Vanhankaupunginlahti bay nature reserve is the largest conservation area in Helsinki. The wetland area is protected under the Ramsar convention and it is part of the Natura 2000 network. The bay and its islands have a long history of recreational use, considerably related to bird watching. Nowadays the site is very central in Helsinki. The bay is surrounded by the growing city, and an increasing number of citizens are enjoying its recreational values. Nevertheless, the environment is very vulnerable, and it is prohibited to step beyond the marked paths.
In 2016, the city of Helsinki together with Tallinn, started an EU funded project called Nattours. The aim of the project was to improve the accessibility of urban nature by increasing awareness of significant destinations and by removing both physical and mental barriers from hindering visits to the areas. Another goal was to promote nature destinations as the city’s attraction. A website was developed to introduce selected recreation areas. The Lammassaari boardwalk was chosen to be the main objective in Helsinki for improving physical nature trail structures. The existing Lammassaari duckboards were popular but dilapidated. As a part of this project the duckboards were chosen to be replaced with a new, fully accessible boardwalk with accessible bird watching platforms.
Changing sea level, ice, poor soil conditions for foundations and restrictions in working on the protected site were challenges for both design and construction. In this framework, the new, accessible and floating boardwalk was designed in dialogue with the city’s own construction unit. The design consists of two different types of boardwalk elements, a straight one and a curved one. The elements were prefabricated on dry land and brought to the site for installation with light vehicles. Wooden poles framing the path keep the elements in place in varying water level conditions. Occasionally flooding can lift the floating elements more than one metre. The boardwalk and the platforms are made of untreated Siberian larch. The pathway is one and a half metres wide. The width enables assisted walking and passing of wheelchairs or prams. The complete length of the boardwalk is 860 metres. To minimise waste and the use of new material, the pre-existing base structures were maintained. As a design task the project was intriguing. In addition to all the technical and practical requirements, it was essential to create both an aesthetically and spatially interesting route. As the boardwalk leads from the urban bustle to the middle of wilderness, it offers a phenomenal, constantly changing nature experience. The basic level of the boardwalk is very close to sea level meanwhile the surrounding high reeds line the edges of the pathway creating a narrow, corridor-like space. Along the boardwalk there are two slightly elevated platforms for birdwatching, allowing a view over the reeds. The finale of the pathway is an accessible vantage point elevated to three metres. Viewpoints are provided with glass walls to enable unimpeded views from a wheelchair and for children.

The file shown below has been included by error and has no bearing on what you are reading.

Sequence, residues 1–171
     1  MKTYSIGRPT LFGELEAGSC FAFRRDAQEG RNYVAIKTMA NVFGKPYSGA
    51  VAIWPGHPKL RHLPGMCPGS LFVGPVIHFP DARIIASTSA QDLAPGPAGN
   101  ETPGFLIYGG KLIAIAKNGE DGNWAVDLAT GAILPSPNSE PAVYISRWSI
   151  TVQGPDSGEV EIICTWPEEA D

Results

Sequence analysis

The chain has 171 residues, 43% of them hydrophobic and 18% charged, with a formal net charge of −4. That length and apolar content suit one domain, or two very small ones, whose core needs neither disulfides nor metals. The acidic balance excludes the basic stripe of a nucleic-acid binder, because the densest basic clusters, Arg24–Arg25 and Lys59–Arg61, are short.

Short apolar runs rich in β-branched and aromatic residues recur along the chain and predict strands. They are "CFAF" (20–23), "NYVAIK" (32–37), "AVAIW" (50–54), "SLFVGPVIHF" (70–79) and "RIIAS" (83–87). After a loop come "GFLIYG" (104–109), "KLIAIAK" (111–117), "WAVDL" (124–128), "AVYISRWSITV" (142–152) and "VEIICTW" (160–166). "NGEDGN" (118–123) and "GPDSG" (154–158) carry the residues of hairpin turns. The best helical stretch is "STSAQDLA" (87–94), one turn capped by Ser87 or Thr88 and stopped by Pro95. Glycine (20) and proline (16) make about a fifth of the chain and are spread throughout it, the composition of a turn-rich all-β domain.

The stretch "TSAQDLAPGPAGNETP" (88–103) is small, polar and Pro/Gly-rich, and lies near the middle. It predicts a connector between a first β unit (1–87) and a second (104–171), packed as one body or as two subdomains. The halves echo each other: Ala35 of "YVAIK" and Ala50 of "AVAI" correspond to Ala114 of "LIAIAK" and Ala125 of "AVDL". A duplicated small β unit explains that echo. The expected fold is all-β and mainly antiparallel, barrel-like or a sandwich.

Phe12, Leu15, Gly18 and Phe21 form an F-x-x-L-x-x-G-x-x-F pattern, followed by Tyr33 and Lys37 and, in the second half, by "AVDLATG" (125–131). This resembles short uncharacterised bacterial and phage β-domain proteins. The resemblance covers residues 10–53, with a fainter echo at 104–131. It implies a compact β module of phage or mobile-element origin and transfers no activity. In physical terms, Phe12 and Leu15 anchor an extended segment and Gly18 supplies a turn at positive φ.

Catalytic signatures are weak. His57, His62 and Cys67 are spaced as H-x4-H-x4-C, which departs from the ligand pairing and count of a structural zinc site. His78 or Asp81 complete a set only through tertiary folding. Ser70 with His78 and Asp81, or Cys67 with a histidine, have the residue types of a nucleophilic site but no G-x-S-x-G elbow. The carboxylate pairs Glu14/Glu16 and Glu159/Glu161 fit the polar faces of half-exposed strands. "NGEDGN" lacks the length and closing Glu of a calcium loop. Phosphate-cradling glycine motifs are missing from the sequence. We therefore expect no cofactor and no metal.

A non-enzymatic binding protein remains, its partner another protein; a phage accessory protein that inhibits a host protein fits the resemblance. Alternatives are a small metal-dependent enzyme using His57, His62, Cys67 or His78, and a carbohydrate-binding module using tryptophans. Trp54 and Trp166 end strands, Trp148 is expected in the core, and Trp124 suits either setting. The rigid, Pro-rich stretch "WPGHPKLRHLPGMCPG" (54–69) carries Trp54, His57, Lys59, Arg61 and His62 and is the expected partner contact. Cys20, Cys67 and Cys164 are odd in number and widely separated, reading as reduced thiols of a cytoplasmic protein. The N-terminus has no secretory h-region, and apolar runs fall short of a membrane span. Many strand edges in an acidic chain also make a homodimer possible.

The structures were completed in spring 2018. After the renewal of the boardwalk, the number of visitors has increased remarkably. During the summer season 2018 there was an average of over 1000 visitors per day. The project fulfilled its objectives both in improved accessibility and in increased attraction. In Finland the project has been a pioneer in introducing the importance of design and high-quality construction in nature trail structures. It is evident how the design is increasing the public interest and hence promoting the outdoor life and healthy way of living.
Landscape Architect: Nomaji
Other designers involved in the design of landscape: Studio Puisto Architects Ltd.
Other collaborators (construction engineer): Ideastructura Oy
Client: City of Helsinki
Constructor: City of Helsinki
Project location: Lammassaari, Vanhankaupunginlahti, Helsinki, Finland
Design year: 2016
Year Built: 2017-2018
Video credits: Mika Huisman Decopic